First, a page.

On Aug. 14, 2013, Mustafa’s* friend, an Egyptian police officer, called and warned him to leave the Rabaa Al-Adawiya Mosque in Cairo, Egypt, immediately because a disaster was going to happen. Mustafa and his friends brushed it off and told him he was not leaving because it probably wouldn’t be too serious.
The next couple of hours he escaped death several times, saw dozens of dead people on the ground and took a bullet to his foot.
Now, four years later, he still wakes up in the middle of the night shaken up and relives those horrific moments from the dispersal of the sit-in at Rabaa.
“For months after Rabaa, I had nightmares and would wake up several times a night ready to fight someone. Inside me, I was waiting to die because I didn’t want to relive those moments again,” he said.
Mustafa, 25, had been camped out in Rabaa in Cairo, Egypt for several days to protest the ousting of the then-president Mohammed Morsi, who was democratically elected weeks before. Millions of people had gone to the streets weeks before and demanded the military to oust Morsi. The coup d’état took place on July 3, 2013.
At least 627 people died at the end of the day, although Human Rights Watch says there were 817 deaths, at least. Further, there were 10,000 injured and 21,000 arrested all in the span of 10-12 hours.
That night that the Rabaa massacre happened, Mustafa had a gut feeling that something else was going to happen as well. So, he got up from his tent that he was camped in and walked around.
“We saw military tanks and all of the sudden there were live bullets and machine guns without warning. I was in Yousuf Abbas street,” he said. “There were snipers and tear gas and nerve gas.”
Human Rights Watch has said it was “one of the largest killings of demonstrators in a single day in recent history” and that it was “a violent crackdown planned at the highest levels of the Egyptian government.”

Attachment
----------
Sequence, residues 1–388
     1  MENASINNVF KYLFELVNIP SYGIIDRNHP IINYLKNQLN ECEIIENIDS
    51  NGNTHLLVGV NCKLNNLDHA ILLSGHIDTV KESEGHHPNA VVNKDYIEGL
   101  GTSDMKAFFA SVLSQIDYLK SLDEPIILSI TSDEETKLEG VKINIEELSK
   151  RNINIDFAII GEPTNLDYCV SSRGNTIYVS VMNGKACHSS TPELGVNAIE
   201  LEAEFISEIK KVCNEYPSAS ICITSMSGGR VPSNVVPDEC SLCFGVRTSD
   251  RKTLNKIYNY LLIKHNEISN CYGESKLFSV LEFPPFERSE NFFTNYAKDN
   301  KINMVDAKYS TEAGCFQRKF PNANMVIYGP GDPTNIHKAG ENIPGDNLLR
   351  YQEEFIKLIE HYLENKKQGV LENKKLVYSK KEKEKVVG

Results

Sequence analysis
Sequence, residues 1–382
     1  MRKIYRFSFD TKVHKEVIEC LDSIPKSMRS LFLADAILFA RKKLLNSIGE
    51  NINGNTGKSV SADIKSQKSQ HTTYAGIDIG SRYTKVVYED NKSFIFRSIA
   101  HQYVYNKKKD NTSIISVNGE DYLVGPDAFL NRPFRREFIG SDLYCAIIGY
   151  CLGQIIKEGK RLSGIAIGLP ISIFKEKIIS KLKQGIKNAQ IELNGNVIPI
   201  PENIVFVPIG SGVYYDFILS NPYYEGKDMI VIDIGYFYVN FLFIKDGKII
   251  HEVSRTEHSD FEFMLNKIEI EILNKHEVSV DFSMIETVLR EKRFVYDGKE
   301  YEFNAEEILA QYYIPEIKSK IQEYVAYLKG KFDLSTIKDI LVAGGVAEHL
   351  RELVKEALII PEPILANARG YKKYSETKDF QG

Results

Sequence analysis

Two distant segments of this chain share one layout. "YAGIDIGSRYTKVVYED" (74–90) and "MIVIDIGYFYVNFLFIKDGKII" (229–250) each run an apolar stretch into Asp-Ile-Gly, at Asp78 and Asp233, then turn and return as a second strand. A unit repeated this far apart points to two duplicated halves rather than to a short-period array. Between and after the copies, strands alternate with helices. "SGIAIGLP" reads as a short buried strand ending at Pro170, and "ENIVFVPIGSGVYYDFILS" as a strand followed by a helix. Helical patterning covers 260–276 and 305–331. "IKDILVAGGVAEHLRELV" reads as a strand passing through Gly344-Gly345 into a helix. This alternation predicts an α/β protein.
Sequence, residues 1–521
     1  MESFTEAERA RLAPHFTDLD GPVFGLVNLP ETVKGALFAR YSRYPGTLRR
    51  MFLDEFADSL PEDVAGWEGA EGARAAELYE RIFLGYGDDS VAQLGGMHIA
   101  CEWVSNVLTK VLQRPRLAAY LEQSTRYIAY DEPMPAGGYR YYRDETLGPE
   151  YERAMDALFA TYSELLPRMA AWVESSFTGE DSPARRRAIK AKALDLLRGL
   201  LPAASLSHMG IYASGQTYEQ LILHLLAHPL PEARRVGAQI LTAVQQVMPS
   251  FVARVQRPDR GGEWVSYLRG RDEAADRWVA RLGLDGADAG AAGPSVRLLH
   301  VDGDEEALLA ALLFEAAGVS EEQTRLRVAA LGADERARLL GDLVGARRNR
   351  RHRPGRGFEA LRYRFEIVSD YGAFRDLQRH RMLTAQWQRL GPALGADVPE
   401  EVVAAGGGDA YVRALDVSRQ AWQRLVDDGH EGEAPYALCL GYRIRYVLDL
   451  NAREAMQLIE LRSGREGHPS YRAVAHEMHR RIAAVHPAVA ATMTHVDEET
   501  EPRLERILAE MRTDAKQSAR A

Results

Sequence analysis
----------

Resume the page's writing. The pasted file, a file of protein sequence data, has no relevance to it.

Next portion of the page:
“I went from one tent to another and saw dead people or people severely injured,” Mustafa said, remembering the harrowing moments four years later.
“The nerve gas was making us numb and feeling paralyzed. I was in a tent and a sheikh and three other young men were with us. One of the men got shot, and so the sheikh told me to move a little so that I wouldn’t get shot.”
Mustafa had no energy to move and thought that if it was his time to die, then so be it. The next minute the sheikh got shot and his body became disfigured right in front of his eyes. “I saw his lungs and organs coming out of his body. I then got shot in my foot and started screaming out of pain as I left the tent.”
Mustafa heard a child screaming and went to ask him what was wrong and told him to duck because there were snipers.
“I went to look at his dad and saw his brains coming out of his head,” he said, remembering the chilling moments. “A car passed by and took the dead body but his brain fell out. So I picked up his brains and put it in the car so they would at least be buried with the body.”
Mustafa was able to get out alive and got treated for his injured leg. Weeks later, he migrated to the U.S., and hasn’t been back since then.
“Instead, hundreds who attended the protests, including journalists and photographers who were covering the events, have been arrested and are facing an unfair mass trial, This vacuum of justice has allowed security forces to commit serious human rights violations, including using excessive lethal force and carrying out enforced disappearances, entirely unchecked.”
“President Abdel Fattah al-Sisi’s regime has been determined to wipe out all memory of the massacre of the summer of 2013. The dark legacy of this failure to bring anyone to justice is that Egypt’s security forces today feel that they will not be held accountable for committing human rights violations,” Najia Bounaim, North Africa Campaigns Director at Amnesty International, said.
Four years later, Mustafa still gets flashbacks from the horrific massacre. “When I get those flashbacks, I will get anxiety and not sleep well. I stayed for a whole year waking up and not breathing and not knowing where I am.”
“On the anniversary of Rabaa, I always call my friends who were with me and check on them. I will never forget Rabaa,” he said.
*Mustafa’s last name was not used for security purposes.